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This hasn’t been a stellar week for Mr. Rory McIlroy.

In his ninth attempt to complete the career grand slam at the Masters, McIlroy shot 72-77 (+5) to miss the cut for the second time in his last three trips to Augusta National Golf Club. The Northern Irishman finished the tournament in a tie with Bernard Langer, who turns 66 in August.

But a few days later, McIlroy embarrassed himself even more by withdrawing from the RBC Heritage before showing up at Hilton Head. Normally, that wouldn’t be a big deal for a player coming off six starts in the last nine weeks, but this isn’t a normal event. And McIlroy is far from a normal player.

By skipping the RBC Heritage — an elevated event on the schedule — McIlroy is starting to reek of hypocrisy as the self-appointed poster child of the PGA Tour.

Rory McIlroy failed to complete the career grand slam at the Masters once again

It’s the same old story every time Rory McIlroy shows up to Augusta National Golf Club.

“Will this be the year he finally gets over the hump and completes the career grand slam?” For the last eight years, that answer has been no, and nothing changed in Year 9.

This past weekend, in McIlroy’s ninth trip to the Masters since completing the first three legs of the grand slam in 2014, he shot 5 over par over the first two rounds to miss the cut by two strokes. Rory needed just a 3-over 75 in the second round to crack the weekend, but he made seven bogeys to only two birdies to finish with a disappointing 77.

McIlroy clearly puts too much pressure on himself every time he tees it up at the Masters, and that pressure only grows with each winless year that passes him by. But missing the cut for the second time in three years isn’t even the most embarrassing thing the World No. 3 has done in the last five days.

Rory McIlroy’s RBC Heritage WD reeks of hypocrisy

Rory McIlroy looks frustrated during the second round of the Masters.
Rory McIlroy reacts to his fourth shot on the second hole during the second round of the 2023 Masters Tournament at Augusta National Golf Club | Ross Kinnaird/Getty Images

On Monday, McIlroy withdrew from the RBC Heritage without giving an explanation as to why. If he suffered an injury at Augusta or is dealing with a personal issue away from the golf course, there’s no story here. Until that information is divulged, though, this is a bigger deal than you might think.

You see, the RBC Heritage is one of 13 elevated events (17 including major championships) on the PGA Tour schedule this season. The top 20 golfers in the PGA Tour’s 2022 Player Impact Program are required to compete in 12 of the 13 designated tournaments. They are allowed to skip one event for “personal or professional reasons” and still collect PIP bonuses at the end of the year.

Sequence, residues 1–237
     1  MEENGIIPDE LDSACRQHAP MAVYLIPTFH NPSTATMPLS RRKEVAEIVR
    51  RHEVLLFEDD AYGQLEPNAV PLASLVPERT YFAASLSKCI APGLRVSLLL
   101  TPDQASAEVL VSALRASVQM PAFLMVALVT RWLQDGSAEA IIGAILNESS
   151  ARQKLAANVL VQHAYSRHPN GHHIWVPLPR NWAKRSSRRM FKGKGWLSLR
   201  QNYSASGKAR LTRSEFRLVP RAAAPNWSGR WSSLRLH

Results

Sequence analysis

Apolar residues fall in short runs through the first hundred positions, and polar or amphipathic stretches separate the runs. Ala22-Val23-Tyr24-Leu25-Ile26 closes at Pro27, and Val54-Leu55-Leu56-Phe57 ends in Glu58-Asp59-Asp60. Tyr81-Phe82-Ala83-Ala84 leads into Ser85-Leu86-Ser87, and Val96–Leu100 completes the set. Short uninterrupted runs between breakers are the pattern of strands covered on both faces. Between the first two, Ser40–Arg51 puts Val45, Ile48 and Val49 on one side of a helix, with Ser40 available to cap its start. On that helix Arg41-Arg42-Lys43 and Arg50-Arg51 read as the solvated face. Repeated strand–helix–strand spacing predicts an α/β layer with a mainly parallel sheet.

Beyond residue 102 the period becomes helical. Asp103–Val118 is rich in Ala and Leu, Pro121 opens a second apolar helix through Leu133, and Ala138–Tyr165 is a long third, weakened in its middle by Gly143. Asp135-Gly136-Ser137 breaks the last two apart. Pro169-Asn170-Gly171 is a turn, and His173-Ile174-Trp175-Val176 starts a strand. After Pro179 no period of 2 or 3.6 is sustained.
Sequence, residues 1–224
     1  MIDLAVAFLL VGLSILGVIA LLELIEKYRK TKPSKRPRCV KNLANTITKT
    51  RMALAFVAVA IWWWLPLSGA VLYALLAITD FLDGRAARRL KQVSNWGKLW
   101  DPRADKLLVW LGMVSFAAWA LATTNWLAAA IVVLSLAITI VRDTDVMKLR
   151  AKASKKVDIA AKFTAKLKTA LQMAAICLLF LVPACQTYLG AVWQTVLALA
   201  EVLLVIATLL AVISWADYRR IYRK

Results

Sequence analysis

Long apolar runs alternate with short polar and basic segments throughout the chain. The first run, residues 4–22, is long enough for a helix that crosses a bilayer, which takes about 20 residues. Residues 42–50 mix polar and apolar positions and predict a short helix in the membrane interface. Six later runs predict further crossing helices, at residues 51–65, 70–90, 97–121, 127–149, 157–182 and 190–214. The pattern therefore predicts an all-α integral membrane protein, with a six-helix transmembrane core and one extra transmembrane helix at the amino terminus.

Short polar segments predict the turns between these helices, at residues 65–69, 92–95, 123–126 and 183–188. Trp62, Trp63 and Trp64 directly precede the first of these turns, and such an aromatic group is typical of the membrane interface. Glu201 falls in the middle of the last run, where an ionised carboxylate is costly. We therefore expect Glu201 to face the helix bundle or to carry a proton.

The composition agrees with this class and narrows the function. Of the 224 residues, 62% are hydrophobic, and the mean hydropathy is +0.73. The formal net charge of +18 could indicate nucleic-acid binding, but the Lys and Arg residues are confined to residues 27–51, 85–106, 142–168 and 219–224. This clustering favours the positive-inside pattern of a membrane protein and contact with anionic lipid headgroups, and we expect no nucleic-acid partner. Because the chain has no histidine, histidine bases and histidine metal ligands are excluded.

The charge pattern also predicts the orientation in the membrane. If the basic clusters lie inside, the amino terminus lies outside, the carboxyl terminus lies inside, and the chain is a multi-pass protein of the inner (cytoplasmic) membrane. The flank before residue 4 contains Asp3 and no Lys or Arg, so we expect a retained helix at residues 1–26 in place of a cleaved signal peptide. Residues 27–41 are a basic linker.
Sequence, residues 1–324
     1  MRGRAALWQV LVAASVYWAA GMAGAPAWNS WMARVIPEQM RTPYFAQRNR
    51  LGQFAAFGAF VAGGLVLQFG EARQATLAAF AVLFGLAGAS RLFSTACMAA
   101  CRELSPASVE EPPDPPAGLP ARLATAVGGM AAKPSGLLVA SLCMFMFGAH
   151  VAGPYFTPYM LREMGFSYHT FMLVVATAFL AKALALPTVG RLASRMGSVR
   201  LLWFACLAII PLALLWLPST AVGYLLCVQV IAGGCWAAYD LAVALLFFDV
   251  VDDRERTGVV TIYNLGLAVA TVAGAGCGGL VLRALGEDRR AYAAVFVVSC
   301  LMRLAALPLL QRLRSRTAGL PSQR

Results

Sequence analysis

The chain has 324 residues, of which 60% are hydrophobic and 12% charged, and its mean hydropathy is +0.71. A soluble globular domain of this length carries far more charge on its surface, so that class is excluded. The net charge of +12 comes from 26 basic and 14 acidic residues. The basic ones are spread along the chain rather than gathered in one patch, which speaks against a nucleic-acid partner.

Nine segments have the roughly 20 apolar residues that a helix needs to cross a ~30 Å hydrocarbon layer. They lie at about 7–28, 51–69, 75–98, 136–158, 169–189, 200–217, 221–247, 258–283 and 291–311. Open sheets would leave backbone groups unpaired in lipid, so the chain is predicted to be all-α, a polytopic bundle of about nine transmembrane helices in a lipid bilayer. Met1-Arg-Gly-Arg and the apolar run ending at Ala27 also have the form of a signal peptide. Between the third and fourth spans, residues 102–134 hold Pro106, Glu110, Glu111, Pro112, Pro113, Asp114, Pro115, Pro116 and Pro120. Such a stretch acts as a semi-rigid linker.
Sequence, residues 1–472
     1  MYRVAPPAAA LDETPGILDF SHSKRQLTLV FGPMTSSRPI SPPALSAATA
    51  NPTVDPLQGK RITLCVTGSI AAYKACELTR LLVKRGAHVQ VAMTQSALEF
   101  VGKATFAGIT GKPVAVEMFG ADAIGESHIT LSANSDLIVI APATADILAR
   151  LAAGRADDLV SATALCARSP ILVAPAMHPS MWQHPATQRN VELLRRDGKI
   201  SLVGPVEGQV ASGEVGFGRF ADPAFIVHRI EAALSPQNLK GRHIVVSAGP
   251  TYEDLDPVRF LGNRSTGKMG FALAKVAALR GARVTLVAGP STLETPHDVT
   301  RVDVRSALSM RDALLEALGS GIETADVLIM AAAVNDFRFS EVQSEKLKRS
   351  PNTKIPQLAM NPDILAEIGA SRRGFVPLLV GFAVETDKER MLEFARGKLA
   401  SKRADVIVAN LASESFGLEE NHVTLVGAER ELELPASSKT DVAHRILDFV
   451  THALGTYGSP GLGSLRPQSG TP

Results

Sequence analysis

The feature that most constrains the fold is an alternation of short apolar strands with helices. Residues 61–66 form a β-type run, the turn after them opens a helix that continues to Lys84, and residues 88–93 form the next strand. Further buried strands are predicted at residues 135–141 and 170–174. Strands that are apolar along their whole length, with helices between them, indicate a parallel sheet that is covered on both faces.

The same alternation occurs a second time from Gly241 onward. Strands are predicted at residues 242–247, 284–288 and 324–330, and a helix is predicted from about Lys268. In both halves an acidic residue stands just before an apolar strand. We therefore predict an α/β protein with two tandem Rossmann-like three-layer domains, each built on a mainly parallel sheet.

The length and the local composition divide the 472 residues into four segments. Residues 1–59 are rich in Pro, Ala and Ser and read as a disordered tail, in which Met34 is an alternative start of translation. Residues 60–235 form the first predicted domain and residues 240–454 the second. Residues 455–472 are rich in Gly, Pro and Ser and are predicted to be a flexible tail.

And who spearheaded this effort to reward popular golfers with more money and ensure fans get to watch the most talented players more often? That’s right — Rory McIlroy.

McIlroy, along with Tiger Woods, set up multiple meetings with PGA Tour Commissioner Jay Monahan and other players last year with the goal of changing the Tour for the better. The addition of elevated events to the schedule was his own brainchild, and the Tour’s de facto spokesperson has been leading the charge for the world’s best players to show up at these tournaments.

“The best players should be playing in [the elevated events] because ultimately the PGA Tour needs to be built around the best players,” McIlroy said in February ahead of the Genesis Invitational. “That’s what will maximize the value of the product.”

But McIlroy himself isn’t holding up his end of the bargain.

The outspoken leader of the PGA Tour, who finished second in the PIP last year to cash in on a $12 million bonus, already skipped the first elevated event this season at the Sentry Tournament of Champions. His WD at the RBC Heritage will mark his second missed elevated event of the season, and we’re not even halfway through the schedule. McIlroy is the only player in the top 20 of last year’s PIP who’s decided to skip two elevated events already without an injury excuse.

Not only does this hypocritical decision put McIlroy’s 2023 PIP bonus at risk, but it’s also a terrible look for the man who brought the elevated events to life in the first place. If the creator of the new schedule doesn’t follow his own rules, why should everyone else?


What Are the New Elevated Events on the PGA Tour, and How Large Will the Purses Be?